Lama had great hopes
1981:Public Life and Private Time by Adele Hulse,Big Love author:
A few days after Lama Yeshe returned to Kopan someone stole money from the donation box in the gompa. Moreover, local dogs were climbing in the low windows and eating food offerings from the altar. From a Buddhist point of view this was seriously bad karma for the young monks in charge of taking care of the gompa. Their duties included laying out offerings, caring for the butter lamps, keeping the statues and the room clean, filling and emptying the waterbowls, making sure the donation box was locked—in short, seeing to the overall care and safety of the meditation hall and its contents. Everyone knew the two boys currently rostered to that duty were lazy and often snuck off to Kathmandu to watch movies.
Lama Yeshe walked into the gompa during the middle of the morning puja, stopped the chanting and began lecturing to the assembled monks in Tibetan. “First he berated the two gompa keepers while walking around them with his big, heavy bodhi-seed mala going round and round in his hands,” said Karuna Cayton, who could understand Tibetan. “The talk was all about karma, responsibility and their laziness. Lama was very, very heavy. As he spoke he whacked the two boys around the head with his mala. The mala suddenly broke and beads flew around the gompa. This kind of corporal punishment was commonly used in all Tibetan monasteries.”
Pujas were formal affairs and discipline in the gompa was for everyone. Even when a Western Sangha member arrived late for puja, Lama Yeshe would stop the ritual to scold that person publicly for being careless, insensitive to others and ego-tripping.
Lama Yeshe was full of fund-raising ideas. “We should build a supermarket in Kathmandu!” he told Max Redlich. There was no such thing in Nepal at the time, so this was a groundbreaking concept. “We should make ginger beer! All the centers should copy the same recipe!” He even sent Jacie down to Delhi to buy bottles and caps and told her to develop a label that used the words “healthy,” “natural” and “good for the stomach.”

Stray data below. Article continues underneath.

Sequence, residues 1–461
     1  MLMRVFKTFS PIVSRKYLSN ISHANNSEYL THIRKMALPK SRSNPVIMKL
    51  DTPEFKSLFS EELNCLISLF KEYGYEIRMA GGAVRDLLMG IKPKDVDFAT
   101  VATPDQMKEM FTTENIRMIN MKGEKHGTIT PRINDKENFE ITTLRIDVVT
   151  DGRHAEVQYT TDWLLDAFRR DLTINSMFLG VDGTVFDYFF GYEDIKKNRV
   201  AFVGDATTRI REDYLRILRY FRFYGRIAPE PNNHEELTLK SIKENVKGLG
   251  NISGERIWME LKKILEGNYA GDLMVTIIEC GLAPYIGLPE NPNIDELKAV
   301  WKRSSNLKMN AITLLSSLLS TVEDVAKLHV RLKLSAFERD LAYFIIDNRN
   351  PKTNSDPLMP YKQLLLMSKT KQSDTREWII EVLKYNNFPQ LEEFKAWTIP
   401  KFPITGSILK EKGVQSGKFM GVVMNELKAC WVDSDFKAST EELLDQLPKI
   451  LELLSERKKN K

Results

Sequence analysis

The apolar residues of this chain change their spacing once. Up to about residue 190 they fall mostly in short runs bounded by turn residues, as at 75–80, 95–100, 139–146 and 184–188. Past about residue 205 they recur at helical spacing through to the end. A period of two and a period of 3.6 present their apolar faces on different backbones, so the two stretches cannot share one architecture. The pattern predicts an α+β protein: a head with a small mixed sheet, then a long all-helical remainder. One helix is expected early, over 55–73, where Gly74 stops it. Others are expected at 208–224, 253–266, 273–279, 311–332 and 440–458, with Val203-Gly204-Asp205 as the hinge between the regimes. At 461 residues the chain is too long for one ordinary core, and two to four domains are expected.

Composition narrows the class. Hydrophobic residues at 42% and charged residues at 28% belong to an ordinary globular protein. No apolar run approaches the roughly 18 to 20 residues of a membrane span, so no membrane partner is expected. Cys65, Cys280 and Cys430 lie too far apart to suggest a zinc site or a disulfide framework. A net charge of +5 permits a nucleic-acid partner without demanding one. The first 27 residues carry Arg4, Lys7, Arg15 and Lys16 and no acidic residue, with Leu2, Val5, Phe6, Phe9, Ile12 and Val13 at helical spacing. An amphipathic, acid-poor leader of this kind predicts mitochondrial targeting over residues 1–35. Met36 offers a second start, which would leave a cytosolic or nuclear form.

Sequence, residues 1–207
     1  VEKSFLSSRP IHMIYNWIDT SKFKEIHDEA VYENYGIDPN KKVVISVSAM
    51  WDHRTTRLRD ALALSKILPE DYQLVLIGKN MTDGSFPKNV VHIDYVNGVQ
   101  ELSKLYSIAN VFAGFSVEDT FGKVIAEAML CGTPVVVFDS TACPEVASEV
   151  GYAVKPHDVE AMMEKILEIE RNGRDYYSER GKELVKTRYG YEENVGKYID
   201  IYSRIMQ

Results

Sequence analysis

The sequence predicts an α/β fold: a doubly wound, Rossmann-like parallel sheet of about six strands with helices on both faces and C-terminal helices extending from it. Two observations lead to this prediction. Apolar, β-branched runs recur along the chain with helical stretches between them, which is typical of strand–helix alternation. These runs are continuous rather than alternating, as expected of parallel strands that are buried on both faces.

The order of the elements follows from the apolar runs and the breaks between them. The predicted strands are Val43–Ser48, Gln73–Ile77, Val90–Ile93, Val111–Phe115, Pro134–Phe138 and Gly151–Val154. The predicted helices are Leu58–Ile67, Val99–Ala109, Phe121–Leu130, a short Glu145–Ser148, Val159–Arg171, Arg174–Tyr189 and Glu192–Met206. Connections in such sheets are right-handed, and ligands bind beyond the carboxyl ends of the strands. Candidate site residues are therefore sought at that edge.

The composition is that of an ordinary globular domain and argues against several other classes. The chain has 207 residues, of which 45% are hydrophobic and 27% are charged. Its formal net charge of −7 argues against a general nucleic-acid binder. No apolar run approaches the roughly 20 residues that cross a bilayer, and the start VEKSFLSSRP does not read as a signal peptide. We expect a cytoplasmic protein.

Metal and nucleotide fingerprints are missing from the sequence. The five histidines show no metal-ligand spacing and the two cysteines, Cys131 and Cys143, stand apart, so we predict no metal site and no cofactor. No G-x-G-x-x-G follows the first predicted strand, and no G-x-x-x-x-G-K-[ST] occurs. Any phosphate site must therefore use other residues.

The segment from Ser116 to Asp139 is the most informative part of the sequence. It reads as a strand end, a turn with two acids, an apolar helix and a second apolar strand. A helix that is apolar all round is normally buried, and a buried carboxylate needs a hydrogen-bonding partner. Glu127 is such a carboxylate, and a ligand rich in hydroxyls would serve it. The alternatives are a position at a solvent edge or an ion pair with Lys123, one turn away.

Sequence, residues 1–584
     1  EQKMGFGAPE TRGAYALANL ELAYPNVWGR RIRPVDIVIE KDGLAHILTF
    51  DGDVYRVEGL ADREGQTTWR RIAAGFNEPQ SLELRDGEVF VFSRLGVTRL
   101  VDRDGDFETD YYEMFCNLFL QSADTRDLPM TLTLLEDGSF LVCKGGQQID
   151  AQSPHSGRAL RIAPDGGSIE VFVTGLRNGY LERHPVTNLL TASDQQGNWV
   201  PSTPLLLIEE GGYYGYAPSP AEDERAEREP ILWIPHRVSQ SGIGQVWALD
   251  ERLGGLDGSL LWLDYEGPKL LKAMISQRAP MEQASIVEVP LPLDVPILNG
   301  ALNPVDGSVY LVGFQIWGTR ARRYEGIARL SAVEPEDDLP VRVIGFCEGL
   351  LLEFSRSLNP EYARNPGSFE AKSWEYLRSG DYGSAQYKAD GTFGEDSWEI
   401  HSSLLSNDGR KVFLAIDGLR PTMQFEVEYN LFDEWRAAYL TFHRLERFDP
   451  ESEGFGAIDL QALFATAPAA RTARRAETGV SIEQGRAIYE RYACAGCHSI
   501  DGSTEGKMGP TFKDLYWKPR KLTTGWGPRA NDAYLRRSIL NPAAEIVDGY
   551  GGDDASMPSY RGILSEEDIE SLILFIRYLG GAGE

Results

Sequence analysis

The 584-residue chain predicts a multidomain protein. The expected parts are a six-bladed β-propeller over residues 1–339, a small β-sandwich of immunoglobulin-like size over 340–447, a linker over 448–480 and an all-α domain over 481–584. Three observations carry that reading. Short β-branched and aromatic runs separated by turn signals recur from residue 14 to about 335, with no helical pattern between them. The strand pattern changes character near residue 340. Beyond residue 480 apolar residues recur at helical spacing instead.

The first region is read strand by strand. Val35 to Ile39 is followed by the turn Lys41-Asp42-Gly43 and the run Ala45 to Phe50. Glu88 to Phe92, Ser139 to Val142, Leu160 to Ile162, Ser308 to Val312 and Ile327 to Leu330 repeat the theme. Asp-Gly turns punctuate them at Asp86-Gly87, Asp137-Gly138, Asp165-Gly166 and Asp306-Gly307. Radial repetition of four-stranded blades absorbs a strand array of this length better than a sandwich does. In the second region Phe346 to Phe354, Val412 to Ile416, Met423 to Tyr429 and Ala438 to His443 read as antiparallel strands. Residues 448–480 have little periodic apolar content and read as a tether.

“It didn’t work,” said Jacie. “The bottles kept exploding.”
As usual, Lama was ahead of common thinking in his views on healthy living and good food. There is every reason to think that a well-run ginger beer business would have been successful. Lama also wanted to start a flower farm in Delhi, noting it was very hard to buy good-quality cut flowers. That too could have been a successful business.
“Lama came up with all sorts of ideas and schemes,” Peter Kedge explained. “There was really no limit to the amount of Dharma activity Lama could envisage in both the West and the East, and no lack of enthusiastic people more than willing to dedicate themselves to the fulfillment of these activities. But we just didn’t have the training and business background to follow them up. Some Dharma organizations seemed to attract wealthy professionals, but the style and evolution of the FPMT took place differently. It initially attracted many so-called ‘hippies,’ those who had opted out of conventional society and therefore had spare time, rather than those who pursued professions and had careers. Later on, that changed. On several occasions Lama told us he wanted us to learn how to do business in order to support the Western Sangha, Mount Everest Centre and all the other centers. We were not lacking in enthusiasm, but fundamentally the organization lacked an economic base.”
Around this time Lama gave Tenzin Dorje (Charok Lama) some jeans and a shirt and sent him to work in Marcel’s shop, Mandala, in Kathmandu. Tenzin Dorje didn’t wear robes for a whole year, after which Lama sent him to Dharamsala for three months of retreat before he was to depart for south India to study at Sera Jé. After that retreat, however, Tenzin Dorje, now eighteen years old, decided he didn’t want to be a monk anymore. Lama Yeshe asked him if he wanted to work for a Dharma center and he decided to remain at Tushita Retreat Centre, where he took over the shopping.
“Lama Yeshe never criticized my decision to disrobe and never tried to change my mind, nor did I think he would try,” said Tenzin Dorje. “Lama also got Gelek Gyatso a job in a Kathmandu garage where he spent a lot of time just watching what was going on and drinking Coca-Cola. I knew Lama had great hopes for Thubten Zopa Small. Gelek Gyatso and I were always running away, but Thubten Zopa only ran away once or twice, at Lawudo.” He ran to his family’s guesthouse and restaurant, which was in Namché Bazar, where Tenzin Dorje had come from as well.